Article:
The proposed rule also would adversely affect the federal government. The Congressional Budget Office estimated that the “fix” to the “family glitch” included in H.R. 1425 would increase the federal deficit by $45 billion over ten years.26 Very little of this new spending would expand coverage as the main economic effect would cause dependents to lose ESI and switch to exchange coverage. The Urban Institute study cited above estimates that, of the 4.8 million who would be made eligible for PTCs, only 190,000 would have been previously uninsured.27 The rule would thus necessitate an enormously inefficient use of federal resources. The rule would also be inflationary, growing federal deficits and raising prices throughout the economy as more money chases the same number of goods and services.

Conclusion

Longstanding federal regulations faithfully implement the statutory provisions of the ACA relating to the availability of PTCs for workers and dependents with an offer of employer-sponsored insurance. Those regulations are consistent with the statute. The White House has pressured the agency to ignore the clear statutory language and implement an impermissible reading of the statute to advance its political objectives, including expanding enrollment in the ACA exchanges.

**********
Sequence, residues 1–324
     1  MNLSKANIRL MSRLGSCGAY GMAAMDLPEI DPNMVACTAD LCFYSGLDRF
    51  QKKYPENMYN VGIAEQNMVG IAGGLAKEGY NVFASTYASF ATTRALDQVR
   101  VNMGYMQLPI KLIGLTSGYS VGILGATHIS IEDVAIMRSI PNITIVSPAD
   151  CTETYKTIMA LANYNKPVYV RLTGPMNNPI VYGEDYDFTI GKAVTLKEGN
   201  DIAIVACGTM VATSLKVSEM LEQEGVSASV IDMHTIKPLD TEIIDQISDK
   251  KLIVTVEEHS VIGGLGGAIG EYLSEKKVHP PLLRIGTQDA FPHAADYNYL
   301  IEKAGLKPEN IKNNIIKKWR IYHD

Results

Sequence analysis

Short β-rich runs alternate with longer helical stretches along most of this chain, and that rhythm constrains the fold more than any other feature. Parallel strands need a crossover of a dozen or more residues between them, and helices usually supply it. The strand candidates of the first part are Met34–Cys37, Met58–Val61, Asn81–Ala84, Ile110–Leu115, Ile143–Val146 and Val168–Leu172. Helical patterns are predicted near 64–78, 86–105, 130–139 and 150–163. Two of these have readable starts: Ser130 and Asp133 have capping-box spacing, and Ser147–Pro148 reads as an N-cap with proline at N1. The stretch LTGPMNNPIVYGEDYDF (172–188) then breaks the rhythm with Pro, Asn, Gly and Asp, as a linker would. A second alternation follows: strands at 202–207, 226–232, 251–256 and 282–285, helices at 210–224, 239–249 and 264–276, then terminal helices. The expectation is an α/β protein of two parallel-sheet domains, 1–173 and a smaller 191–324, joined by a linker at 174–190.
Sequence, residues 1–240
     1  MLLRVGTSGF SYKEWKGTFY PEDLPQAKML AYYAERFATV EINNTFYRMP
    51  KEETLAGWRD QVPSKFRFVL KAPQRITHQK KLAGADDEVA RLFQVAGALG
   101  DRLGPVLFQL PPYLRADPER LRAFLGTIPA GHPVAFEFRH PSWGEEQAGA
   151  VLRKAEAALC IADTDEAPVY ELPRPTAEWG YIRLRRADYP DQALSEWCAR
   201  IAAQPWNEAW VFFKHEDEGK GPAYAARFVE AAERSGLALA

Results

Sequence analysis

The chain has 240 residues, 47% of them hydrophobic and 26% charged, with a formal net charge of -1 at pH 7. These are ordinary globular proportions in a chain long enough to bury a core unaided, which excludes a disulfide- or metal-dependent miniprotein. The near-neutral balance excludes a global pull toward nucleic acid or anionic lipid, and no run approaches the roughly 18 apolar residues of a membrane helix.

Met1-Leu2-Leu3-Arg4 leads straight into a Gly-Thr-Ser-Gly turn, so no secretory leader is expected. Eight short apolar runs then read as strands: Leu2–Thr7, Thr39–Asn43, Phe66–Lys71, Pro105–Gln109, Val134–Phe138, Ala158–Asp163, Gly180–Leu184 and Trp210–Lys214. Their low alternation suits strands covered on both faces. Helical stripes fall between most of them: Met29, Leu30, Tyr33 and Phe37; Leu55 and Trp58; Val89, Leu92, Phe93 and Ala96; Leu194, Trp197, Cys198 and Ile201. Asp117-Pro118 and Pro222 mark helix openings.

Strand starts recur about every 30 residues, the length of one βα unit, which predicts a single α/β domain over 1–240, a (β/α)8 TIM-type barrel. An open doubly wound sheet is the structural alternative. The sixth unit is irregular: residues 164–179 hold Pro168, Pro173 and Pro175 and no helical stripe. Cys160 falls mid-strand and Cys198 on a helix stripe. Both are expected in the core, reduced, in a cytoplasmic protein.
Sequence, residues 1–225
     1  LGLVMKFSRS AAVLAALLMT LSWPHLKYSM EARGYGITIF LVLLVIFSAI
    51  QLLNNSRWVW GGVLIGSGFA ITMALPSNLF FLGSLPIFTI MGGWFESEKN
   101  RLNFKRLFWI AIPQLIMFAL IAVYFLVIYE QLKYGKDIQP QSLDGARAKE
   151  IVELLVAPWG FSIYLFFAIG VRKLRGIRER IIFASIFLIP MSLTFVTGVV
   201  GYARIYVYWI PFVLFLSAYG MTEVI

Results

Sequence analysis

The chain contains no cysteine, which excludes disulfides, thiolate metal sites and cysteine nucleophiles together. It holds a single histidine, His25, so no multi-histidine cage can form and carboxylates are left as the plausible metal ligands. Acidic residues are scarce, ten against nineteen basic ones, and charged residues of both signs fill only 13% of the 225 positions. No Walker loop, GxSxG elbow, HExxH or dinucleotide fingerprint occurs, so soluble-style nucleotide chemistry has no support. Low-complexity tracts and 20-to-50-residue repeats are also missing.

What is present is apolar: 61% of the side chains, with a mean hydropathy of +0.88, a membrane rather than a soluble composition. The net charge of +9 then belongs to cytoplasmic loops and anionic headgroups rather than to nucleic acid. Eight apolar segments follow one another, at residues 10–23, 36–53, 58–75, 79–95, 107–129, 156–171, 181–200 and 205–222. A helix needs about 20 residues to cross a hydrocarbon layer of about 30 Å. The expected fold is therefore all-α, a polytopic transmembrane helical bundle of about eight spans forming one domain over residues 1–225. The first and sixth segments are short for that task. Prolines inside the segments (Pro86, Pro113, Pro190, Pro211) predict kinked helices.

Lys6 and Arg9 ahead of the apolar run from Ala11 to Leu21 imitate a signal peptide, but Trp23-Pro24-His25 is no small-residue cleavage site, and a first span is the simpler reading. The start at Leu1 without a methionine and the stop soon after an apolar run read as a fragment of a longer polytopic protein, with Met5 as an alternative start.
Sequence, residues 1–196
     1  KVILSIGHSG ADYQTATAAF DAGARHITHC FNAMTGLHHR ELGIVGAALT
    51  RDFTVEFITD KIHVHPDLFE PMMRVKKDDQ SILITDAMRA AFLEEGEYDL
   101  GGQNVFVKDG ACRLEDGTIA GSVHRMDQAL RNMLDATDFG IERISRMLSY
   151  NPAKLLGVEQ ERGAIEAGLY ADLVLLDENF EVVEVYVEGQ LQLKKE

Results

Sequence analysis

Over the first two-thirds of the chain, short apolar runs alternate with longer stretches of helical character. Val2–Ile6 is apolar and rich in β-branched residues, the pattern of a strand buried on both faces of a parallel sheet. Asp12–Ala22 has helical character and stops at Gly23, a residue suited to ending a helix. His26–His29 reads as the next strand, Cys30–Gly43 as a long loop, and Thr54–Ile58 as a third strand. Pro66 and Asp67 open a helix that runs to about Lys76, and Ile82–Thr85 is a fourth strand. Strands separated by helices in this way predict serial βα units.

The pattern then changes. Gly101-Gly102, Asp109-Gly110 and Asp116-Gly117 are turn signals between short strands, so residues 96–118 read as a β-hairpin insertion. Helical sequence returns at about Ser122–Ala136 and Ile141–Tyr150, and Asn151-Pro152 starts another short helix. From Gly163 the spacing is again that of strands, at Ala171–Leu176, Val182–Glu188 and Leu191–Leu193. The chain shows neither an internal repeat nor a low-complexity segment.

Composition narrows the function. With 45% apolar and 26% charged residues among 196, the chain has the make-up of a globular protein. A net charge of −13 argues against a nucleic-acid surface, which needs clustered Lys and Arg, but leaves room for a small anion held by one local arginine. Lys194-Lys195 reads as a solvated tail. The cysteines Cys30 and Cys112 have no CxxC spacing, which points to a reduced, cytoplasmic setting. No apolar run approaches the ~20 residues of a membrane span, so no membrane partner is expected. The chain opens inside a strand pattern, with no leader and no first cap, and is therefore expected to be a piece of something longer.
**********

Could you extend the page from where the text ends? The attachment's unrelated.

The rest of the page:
Unfortunately, the agencies have adopted an impermissible reading of the statute and proposed a rule that is contrary to law. The agencies propose to abruptly rewrite their regulations in a way that, in effect, rewrites a statutory provision that Congress has left unamended for more than 12 years. In addition to lacking a basis in statute, their proposed policy would harm many of the families it purports to help, impose new financial burdens on states, and increase the federal debt and inflation without appreciably expanding health insurance coverage. In addition to being unlawful, finalizing this rule will signal that the IRS can be pressured to change its enforcement of the tax code based on the political interests and whims of the White House. The agencies should withdraw the proposed rule.

Signatories:

*Affiliations listed for identification purposes only.

Doug Badger Senior Fellow, The Heritage Foundation and Galen Institute; Former Special Assistant to the President for Economic Policy
Brian Blase President, Paragon Health Institute; Former Special Assistant to the President for Economic Policy
Grace-Marie Turner Founder and President, Galen InstituteDoug Badger, Paragon Health Institute